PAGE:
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Leeuwenhoek Spies a Sea of Sperm

Human sperm, magnified 600 times.

London Scientific Films/Getty Images

Anton von Leeuwenhoek didn't exactly know what he'd see when he took a gander at his own semen sample in a homemade microscope. It was 1677, and science had yet to figure out the ingredients of ejaculate, not to mention that von Leeuwenhoek got into microscopes on a lark as a hobby from his day job as a draper, or cloth salesman [source: RadioLab]. Peering into his newfangled microscope that magnified the fluid 300 times, von Leeuwenhoek spied "a multitude of live animalcules more than a million, having the size of a grain of sand," as he wrote to London's Royal Society in November 1677 [source: Karamanou].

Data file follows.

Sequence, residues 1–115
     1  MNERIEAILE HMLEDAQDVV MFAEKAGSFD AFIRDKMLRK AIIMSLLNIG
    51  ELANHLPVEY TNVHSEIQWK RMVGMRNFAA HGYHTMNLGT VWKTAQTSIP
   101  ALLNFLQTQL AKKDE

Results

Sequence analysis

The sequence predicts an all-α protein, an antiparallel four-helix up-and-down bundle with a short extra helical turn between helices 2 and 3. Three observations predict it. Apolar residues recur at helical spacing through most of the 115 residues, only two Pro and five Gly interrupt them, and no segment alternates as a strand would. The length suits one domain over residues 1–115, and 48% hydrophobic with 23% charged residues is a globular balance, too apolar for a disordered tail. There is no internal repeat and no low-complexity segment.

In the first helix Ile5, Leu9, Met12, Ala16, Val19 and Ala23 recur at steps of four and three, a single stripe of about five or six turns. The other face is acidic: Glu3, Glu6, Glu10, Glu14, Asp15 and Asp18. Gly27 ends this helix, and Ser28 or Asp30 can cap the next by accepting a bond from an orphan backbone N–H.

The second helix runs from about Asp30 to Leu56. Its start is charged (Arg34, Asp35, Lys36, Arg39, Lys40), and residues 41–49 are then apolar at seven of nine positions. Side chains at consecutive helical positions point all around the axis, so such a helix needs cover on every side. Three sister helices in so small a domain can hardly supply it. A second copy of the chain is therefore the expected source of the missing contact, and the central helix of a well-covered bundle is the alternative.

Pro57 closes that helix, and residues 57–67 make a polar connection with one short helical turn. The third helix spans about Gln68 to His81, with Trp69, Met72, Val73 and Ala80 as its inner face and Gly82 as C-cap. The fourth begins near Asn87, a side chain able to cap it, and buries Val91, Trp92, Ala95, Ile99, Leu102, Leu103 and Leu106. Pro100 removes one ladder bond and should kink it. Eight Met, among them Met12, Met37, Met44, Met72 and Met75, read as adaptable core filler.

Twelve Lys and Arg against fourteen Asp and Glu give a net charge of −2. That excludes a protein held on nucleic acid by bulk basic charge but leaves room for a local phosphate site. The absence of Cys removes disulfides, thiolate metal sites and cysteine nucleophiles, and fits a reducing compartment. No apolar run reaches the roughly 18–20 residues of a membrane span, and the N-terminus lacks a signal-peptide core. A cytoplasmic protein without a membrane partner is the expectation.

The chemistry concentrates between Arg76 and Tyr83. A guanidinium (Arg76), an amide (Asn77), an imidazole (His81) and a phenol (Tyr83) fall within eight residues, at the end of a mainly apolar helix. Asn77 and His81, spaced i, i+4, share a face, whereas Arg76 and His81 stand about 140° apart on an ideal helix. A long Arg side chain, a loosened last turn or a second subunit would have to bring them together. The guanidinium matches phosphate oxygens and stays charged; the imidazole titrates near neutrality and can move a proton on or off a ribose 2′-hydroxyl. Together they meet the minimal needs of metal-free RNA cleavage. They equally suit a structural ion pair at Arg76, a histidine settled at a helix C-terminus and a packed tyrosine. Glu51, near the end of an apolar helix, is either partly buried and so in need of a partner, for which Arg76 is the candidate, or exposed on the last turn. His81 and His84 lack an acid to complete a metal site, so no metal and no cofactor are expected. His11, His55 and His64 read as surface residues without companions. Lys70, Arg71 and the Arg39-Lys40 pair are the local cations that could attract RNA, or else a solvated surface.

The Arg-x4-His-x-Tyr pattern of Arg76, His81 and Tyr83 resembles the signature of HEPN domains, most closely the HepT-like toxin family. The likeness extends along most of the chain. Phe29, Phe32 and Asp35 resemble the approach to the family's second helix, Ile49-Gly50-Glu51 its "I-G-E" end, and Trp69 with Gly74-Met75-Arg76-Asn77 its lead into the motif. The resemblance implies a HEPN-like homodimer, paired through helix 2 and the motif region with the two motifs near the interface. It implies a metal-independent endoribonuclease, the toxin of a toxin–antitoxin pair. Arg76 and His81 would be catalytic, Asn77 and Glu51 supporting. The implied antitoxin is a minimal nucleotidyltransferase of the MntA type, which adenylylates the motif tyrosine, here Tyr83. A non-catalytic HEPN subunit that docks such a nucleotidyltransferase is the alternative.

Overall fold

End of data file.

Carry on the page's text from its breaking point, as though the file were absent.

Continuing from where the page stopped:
Although with this observation, human spermatozoa had been revealed for the first time in history, it would still take a while to get the record straight about how sperm contribute to the baby-making process. Von Leeuwenhoek's contemporaries, in fact, imagined each sperm contained a tiny person, wishing and hoping to be delivered safely to a female womb [source: RadioLab].

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